Working Papers

Alternative Teacher Compensation – A Primer

Julia E. Koppich, Jessica Rigby. Policy Analysis for California Education. March 2009

A new PACE Working Paper has been released in conjunction with our Learning About New Forms of Teacher Compensation Conference on March 30 and 31, 2009. Written by Julie Koppich and Jessica Rigby, this policy primer is designed to provide baseline information about new forms of teacher pay that are emerging around the country, to support the local conversations and negotiations that will lead to the development of innovative compensation systems.

Smart Schools, Smart Growth – Investing in Education Facilities and Stronger Communities

Policy Analysis for California Education. December 2008

California is midway through one of the grandest public infrastructure projects ever attempted. Over the coming decade school officials will complete an $82 billion effort, building new schools and renovating old facilities, supported by taxpayers and private investors. But are state officials and local planners building schools mindfully to advance educational quality and lift local communities?

Parallel Play – Preschool and K-12 Finance Reform in New Jersey and Texas

Bruce Fuller, Joseph Wright. Policy Analysis for California Education. July 2007

In a PACE Working Paper, Co-Director Bruce Fuller and Joseph Wright offer policy and implementation lessons from two states – New Jersey and Texas – that have moved to advance preschool and K-12 finance reform in tandem. These states have assembled the puzzle pieces in differing ways, but both states are determined to widen access for families who can least afford quality preschool. The policy experiences of these states over the past quarter century yield notable lessons for current policy debate on pre-school and education finance reform in California.

The Unequal Opportunity to Learn in California's Schools: Crafting Standards to Track Quality

Andrea Venezia, Julie Maxwell-Jolly. Policy Analysis for California Education. February 2007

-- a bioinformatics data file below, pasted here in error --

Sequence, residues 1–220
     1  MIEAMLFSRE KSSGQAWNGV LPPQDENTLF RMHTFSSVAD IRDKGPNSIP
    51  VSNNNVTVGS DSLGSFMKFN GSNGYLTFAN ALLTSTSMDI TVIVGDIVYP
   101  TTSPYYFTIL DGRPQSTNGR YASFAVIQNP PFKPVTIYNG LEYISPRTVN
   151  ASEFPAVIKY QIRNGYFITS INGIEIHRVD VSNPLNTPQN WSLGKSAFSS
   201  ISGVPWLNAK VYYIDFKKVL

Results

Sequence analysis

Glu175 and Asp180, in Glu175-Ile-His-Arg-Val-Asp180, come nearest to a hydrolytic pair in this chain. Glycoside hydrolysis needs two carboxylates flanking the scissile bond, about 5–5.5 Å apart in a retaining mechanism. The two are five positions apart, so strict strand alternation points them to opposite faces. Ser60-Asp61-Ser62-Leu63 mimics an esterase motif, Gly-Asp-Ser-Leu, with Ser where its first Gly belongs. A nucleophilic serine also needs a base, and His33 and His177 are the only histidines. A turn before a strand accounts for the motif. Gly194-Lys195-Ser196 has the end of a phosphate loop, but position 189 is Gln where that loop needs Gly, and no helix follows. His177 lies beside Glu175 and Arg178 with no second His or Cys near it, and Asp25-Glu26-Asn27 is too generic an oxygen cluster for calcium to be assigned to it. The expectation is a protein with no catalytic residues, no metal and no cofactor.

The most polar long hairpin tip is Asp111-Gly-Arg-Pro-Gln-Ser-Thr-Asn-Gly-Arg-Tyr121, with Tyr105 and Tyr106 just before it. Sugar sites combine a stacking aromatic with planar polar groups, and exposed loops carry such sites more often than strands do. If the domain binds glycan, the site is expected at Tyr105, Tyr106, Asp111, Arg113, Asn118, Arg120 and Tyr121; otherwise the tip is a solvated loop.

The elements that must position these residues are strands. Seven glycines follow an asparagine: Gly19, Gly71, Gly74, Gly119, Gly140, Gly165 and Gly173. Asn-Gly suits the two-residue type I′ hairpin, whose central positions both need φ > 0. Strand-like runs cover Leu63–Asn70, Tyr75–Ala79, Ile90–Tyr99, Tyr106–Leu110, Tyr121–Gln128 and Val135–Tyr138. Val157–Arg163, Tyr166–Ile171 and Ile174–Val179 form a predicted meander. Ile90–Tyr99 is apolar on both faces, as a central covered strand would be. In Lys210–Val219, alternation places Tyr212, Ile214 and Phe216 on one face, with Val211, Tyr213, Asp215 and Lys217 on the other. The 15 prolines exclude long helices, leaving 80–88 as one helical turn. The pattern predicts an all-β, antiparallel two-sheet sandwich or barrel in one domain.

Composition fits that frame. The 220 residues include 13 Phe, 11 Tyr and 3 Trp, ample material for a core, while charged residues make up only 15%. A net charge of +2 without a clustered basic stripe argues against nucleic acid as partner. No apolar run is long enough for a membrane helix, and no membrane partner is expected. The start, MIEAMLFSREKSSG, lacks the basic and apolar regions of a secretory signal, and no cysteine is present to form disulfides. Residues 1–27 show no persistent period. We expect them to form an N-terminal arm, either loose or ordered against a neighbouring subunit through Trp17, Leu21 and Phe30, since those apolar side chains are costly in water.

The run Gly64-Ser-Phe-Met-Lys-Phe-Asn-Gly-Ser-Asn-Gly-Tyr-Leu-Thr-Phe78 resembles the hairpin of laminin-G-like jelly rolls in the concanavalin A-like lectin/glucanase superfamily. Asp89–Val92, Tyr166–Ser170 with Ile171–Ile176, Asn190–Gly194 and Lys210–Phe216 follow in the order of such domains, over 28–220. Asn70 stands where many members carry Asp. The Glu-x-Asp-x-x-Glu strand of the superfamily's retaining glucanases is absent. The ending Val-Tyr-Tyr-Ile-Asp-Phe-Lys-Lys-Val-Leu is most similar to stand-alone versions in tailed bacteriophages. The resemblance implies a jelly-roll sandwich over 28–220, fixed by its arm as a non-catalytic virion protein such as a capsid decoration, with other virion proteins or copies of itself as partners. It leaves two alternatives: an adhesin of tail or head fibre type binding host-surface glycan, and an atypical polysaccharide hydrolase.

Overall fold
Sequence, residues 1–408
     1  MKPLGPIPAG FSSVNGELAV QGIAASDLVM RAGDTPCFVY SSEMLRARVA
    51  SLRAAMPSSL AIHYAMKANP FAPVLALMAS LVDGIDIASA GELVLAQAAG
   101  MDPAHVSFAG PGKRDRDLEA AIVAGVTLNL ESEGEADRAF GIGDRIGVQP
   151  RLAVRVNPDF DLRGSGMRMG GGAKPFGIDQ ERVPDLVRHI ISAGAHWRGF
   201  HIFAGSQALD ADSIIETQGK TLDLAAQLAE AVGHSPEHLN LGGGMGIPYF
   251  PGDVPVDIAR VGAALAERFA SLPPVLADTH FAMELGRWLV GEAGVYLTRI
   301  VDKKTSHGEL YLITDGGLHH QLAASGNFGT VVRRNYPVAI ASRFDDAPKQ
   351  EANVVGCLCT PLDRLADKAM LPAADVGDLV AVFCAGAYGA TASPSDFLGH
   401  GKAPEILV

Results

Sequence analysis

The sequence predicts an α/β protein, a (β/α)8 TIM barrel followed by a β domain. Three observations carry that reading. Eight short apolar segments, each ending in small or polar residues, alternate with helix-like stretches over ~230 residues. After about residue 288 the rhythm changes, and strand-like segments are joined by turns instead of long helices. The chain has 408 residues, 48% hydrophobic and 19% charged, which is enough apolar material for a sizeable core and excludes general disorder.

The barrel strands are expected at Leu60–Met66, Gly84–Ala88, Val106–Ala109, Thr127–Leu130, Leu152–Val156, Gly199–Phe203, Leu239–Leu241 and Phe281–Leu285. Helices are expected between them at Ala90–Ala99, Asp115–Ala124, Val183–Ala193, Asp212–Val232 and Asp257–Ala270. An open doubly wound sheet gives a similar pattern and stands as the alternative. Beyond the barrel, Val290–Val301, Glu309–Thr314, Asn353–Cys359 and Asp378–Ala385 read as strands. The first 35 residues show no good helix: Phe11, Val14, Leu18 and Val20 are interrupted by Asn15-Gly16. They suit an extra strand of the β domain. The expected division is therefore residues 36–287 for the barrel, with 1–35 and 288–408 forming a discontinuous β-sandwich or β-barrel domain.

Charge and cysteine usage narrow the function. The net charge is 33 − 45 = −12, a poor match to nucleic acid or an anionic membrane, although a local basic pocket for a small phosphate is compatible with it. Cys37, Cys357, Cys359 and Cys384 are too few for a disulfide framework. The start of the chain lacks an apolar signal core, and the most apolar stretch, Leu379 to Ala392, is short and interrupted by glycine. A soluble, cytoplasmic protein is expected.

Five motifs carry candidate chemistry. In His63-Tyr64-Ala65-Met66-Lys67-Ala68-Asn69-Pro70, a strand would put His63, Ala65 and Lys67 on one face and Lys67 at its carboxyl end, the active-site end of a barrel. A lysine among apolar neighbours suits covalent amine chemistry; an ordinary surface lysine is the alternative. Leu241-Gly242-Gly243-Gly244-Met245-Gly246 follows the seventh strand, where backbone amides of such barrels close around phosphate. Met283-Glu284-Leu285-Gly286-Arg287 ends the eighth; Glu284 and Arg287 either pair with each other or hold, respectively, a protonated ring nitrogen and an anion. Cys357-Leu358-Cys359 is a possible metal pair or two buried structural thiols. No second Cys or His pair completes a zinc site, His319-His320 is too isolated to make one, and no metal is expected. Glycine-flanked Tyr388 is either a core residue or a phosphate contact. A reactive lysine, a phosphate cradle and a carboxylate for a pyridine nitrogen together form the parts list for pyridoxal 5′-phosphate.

This paper, stemming from a PACE seminar, examines the idea of crafting opportunity to learn (OTL) standards—how the state might collect and analyze indicators of school quality that are predictive of student achievement. The idea is not new. Such standards were put forward by Congress over a decade ago. However, questions remain regarding which quality indicators can be feasibly monitored and which are empirically related to achievement gains. Developing, implementing, and monitoring such a system would be challenging.

Community Voices: California Preschool Directors Speak on Policy Options

Bruce Fuller, Kathryn Gesicki, Thea Sweo, Sunyoung Jung. Policy Analysis for California Education. January 2007

PACE’s statewide survey of 439 directors of community preschools, those funded outside of school districts, inquired about basic facts and their perceptions of long-term issues. Preschool access and quality remain unfairly distributed among California’s diverse communities. Persisting questions examined include how to grow more plentiful and higher quality preschools, and how to ensure a robust balance between organizations run by schools or community organizations.

Snapshots of Reform: District Efforts to Raise Achievement across Diverse Communities in California

Elisabeth L. Woody, Soung Bae, Sandra Park, Jennifer Russell. Policy Analysis for California Education. October 2006

In California, policymakers and educators had already turned their attention to addressing inequities in student achievement with the passage of the Public School Accountability Act (PSAA) in 1999. PSAA provided a framework for learning with curriculum standards, and set expectations for improvement through the Academic Performance Index (API). For the first time, schools were responsible for meeting achievement targets not just school-wide, but for racial/ethnic and socioeconomic subgroups of students.

Is the No Child Left Behind Act Working? The Reliability of How States Track Achievement

Bruce Fuller, Kathryn Gesicki, Erin Kang, Joseph Wright. Policy Analysis for California Education. January 2006

Debate is well under way regarding the effi cacy of the No Child Left Behind (NCLB) Act, including whether this bundle of federal rules and resources is prompting gains in student achievement. Spirited conversation will intensify as the Congress discusses how to adjust and reauthorize this ambitious set of school reforms. Both state and federal gauges of student achievement will inform this debate.

Twitter

PACE thanks these funders and sponsors for their financial support